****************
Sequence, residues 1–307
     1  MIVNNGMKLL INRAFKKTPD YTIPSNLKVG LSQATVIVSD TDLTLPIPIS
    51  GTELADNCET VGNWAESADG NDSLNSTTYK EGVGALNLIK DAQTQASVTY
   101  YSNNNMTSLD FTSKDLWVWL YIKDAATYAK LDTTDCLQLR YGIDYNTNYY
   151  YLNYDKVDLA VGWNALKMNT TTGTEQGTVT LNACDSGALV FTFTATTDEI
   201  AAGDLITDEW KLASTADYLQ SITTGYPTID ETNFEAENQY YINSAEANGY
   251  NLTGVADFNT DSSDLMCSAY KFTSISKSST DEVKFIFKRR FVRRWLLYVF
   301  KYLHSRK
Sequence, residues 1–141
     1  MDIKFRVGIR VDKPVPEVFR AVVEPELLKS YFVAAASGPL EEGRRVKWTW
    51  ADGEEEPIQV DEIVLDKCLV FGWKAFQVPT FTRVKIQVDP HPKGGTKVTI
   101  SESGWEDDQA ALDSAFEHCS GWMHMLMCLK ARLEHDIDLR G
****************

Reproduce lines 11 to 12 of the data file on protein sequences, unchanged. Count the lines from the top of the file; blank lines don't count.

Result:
    51  ADGEEEPIQV DEIVLDKCLV FGWKAFQVPT FTRVKIQVDP HPKGGTKVTI
   101  SESGWEDDQA ALDSAFEHCS GWMHMLMCLK ARLEHDIDLR G